Cooking pasta directly in the sauce—rather than boiling the noodles first in water, then saucing them—is easier and produces more flavorful pasta because it absorbs the sauce instead of just water. Try it with our one-pot simple capellini with smoked paprika and olives, which is inspired by Catalan fideuà, a paella-­like dish. Or for an even more robust version, try the anchovy, caper and roasted red pepper variation.


Be sure to select diced tomatoes, not crushed, pureed, whole or sauce. Diced tomatoes have a better texture for this dish; they also have the correct moisture content for cooking the pasta. Other products can leave the capellini undercooked. When selecting the pasta, stick with basic brands; high-end pastas with a rough, floury appearance release too much starch during cooking. That’s fine when cooked in ample water but not when cooked in the sauce.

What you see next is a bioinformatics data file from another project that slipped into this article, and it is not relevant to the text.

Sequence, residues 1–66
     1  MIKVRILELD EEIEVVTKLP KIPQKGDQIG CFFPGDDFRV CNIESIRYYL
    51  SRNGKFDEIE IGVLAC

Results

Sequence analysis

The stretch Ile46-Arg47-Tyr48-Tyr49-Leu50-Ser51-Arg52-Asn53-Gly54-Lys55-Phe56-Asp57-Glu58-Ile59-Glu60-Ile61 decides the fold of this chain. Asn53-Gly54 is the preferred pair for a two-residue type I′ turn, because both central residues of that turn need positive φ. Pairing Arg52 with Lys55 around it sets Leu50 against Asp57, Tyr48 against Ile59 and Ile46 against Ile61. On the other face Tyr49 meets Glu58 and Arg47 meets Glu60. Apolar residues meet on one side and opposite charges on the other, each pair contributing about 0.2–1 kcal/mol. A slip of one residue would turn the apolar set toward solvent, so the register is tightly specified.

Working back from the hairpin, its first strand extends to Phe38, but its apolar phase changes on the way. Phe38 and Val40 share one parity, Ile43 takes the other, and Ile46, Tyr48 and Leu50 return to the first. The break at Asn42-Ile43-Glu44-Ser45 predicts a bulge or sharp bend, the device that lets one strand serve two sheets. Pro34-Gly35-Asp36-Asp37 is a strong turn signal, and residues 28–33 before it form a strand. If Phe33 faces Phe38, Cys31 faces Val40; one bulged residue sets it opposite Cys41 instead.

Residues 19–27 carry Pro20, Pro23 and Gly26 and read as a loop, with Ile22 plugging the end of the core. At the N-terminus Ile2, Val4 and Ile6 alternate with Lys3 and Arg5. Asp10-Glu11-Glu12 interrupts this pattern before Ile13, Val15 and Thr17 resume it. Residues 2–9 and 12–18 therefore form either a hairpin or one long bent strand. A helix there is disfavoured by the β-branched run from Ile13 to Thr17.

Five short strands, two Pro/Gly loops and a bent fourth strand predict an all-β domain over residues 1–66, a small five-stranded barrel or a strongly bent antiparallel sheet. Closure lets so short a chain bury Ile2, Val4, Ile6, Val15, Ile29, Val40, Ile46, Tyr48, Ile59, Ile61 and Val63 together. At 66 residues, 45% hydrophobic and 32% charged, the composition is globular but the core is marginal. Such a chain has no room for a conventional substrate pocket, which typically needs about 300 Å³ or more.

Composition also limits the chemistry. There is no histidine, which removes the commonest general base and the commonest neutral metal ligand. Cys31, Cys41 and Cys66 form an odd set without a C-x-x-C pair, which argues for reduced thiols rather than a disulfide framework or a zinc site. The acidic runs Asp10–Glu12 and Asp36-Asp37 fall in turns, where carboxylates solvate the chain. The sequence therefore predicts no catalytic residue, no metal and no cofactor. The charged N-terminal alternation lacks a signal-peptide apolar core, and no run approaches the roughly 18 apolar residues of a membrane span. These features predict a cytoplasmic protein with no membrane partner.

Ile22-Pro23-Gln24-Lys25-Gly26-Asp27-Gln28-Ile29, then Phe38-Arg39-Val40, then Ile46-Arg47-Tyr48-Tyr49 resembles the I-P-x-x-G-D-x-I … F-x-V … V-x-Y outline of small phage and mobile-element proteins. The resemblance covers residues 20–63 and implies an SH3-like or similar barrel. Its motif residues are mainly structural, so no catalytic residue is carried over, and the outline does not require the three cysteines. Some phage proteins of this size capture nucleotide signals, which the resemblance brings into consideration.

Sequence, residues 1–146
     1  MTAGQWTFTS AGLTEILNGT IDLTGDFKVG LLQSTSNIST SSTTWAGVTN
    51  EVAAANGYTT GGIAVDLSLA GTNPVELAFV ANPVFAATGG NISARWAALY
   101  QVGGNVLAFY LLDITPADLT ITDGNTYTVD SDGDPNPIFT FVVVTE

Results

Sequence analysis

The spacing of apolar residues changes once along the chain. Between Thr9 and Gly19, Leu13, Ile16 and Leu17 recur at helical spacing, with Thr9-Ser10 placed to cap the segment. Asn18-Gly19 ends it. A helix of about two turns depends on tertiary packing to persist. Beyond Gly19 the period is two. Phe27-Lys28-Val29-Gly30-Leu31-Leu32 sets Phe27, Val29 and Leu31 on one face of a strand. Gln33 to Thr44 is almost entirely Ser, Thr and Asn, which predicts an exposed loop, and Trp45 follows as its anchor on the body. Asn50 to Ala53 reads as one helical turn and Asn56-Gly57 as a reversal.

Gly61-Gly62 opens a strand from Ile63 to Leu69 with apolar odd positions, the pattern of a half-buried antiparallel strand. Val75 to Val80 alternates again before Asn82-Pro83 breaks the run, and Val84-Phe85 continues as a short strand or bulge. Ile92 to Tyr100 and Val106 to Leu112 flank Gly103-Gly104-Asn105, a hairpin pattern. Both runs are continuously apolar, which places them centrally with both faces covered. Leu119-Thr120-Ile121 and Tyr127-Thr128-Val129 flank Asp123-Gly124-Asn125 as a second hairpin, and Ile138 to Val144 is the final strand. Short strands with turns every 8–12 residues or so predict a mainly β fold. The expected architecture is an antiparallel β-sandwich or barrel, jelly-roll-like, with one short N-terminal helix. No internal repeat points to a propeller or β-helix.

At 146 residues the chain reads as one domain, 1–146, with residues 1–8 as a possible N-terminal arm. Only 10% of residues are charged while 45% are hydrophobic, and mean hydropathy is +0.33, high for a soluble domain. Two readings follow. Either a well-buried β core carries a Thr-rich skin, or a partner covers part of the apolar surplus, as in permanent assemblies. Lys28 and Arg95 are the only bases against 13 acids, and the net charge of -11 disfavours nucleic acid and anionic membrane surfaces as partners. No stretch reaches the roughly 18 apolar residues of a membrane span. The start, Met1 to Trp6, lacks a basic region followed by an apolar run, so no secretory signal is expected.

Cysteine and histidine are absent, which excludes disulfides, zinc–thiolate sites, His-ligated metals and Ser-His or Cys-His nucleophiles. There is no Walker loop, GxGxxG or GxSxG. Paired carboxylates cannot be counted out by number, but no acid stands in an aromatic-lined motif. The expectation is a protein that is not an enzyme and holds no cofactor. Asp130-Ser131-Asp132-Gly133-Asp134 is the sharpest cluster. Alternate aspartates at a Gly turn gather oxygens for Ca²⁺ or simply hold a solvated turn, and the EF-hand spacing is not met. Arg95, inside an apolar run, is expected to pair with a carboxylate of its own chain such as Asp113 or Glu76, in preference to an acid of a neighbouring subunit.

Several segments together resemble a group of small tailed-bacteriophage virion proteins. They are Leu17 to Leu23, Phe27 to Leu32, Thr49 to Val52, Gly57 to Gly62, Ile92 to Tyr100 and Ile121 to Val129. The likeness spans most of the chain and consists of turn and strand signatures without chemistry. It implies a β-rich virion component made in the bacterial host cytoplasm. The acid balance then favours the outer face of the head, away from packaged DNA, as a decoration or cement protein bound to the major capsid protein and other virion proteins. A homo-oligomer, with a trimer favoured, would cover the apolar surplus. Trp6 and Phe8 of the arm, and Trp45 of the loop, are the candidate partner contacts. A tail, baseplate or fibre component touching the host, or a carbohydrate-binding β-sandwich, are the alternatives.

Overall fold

Stir the pasta often during cooking. The limited volume of water makes it easier for the pasta to stick to the bottom. Also, stir constantly after adding the garlic and smoked paprika (or anchovies and garlic). They develop deeper flavor from the brief stint in the hot oil, but also can easily burn and turn acrid.

For Bigger Flavor, Cook Pasta in the Sauce

Pasta Process i41

Cooking pasta directly in the sauce is an easy way to build deeper flavor in a dish; the noodles absorb sauce rather than just water. We start by browning any aromatics or blooming any seasonings in oil. We then stir in any remaining ingredients, along with a spare amount of water and the pasta. This works with either fresh or canned diced tomatoes, simply requiring adjustment to the liquid added—add more water if using fresh tomatoes, less for canned tomatoes with juices.